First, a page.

It’s an attempt to curb minority voting. In the 10 years before passing the law, Texas’s population increased by about 4 million people 90% of which were Hispanic. Studies have shown that minorities are statistically more likely to have a low income and live a long way from government locations, making it much more difficult to get or renew an ID. Of course anyone is still allowed to get one as long as he or she has the necessary paperwork. But even without any added barriers, we all know how irritating and difficult it can be to get through all that red tape. People don’t want to have to struggle with government bureaucracy just to be allowed to vote. And quite frankly they shouldn’t have to.
Yes, stricter voting laws will be problematic and irritating in Texas. But if the law is approved it will be damaging and potentially dangerous for the rest of the country. The Texas legislature clearly had ulterior motives beyond curbing voter fraud with the new law. They may argue otherwise now and the Justice Department may not be able to prove it. But it’s pretty clear to me and most people familiar with the case that voter fraud is not an issue in Texas. So what kind of message will that send to the rest of the country if the law is passed? Will it mean that it’s okay to place more restrictive laws on minorities? That some people have a greater right to vote? That we’re returning to the era of the poll tax?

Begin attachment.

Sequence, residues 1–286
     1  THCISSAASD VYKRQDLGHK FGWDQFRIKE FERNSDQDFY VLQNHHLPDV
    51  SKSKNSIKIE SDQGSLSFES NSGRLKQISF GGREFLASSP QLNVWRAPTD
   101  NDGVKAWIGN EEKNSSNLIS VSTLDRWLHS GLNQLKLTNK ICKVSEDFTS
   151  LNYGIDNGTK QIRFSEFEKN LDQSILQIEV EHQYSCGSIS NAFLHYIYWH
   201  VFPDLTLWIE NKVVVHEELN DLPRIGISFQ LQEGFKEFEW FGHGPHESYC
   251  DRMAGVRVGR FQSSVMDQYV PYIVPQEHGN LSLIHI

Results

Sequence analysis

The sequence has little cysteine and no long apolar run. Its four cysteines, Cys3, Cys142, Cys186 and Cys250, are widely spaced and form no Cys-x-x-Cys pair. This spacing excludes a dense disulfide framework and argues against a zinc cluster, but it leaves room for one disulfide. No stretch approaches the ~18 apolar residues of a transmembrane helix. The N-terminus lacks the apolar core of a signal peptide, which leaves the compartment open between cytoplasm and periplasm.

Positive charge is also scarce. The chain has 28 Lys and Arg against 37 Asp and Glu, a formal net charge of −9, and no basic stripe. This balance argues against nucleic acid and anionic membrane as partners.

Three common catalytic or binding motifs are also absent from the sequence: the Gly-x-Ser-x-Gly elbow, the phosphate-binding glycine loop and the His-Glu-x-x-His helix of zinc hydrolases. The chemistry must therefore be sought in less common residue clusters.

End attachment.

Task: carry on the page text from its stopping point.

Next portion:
Maybe my interpretations of the potential ramifications of this law are too extreme. In fact, I hope they are. But this law has the potential to set an important precedent for voting and minority rights. If it, and other laws like it, are approved now, then that lays the groundwork for even more questionable laws later. We can’t allow that to happen. There’s not really anything we can do now to affect the approval or not (fingers crossed) of the Texas voter ID law. But we can do our best to keep the government from creating similar laws. Protest, write letters to your congressperson, educate your community about the issues. But most importantly, remember to vote in November. Exercise that right that so many people fight for and ensure we have a government we can trust.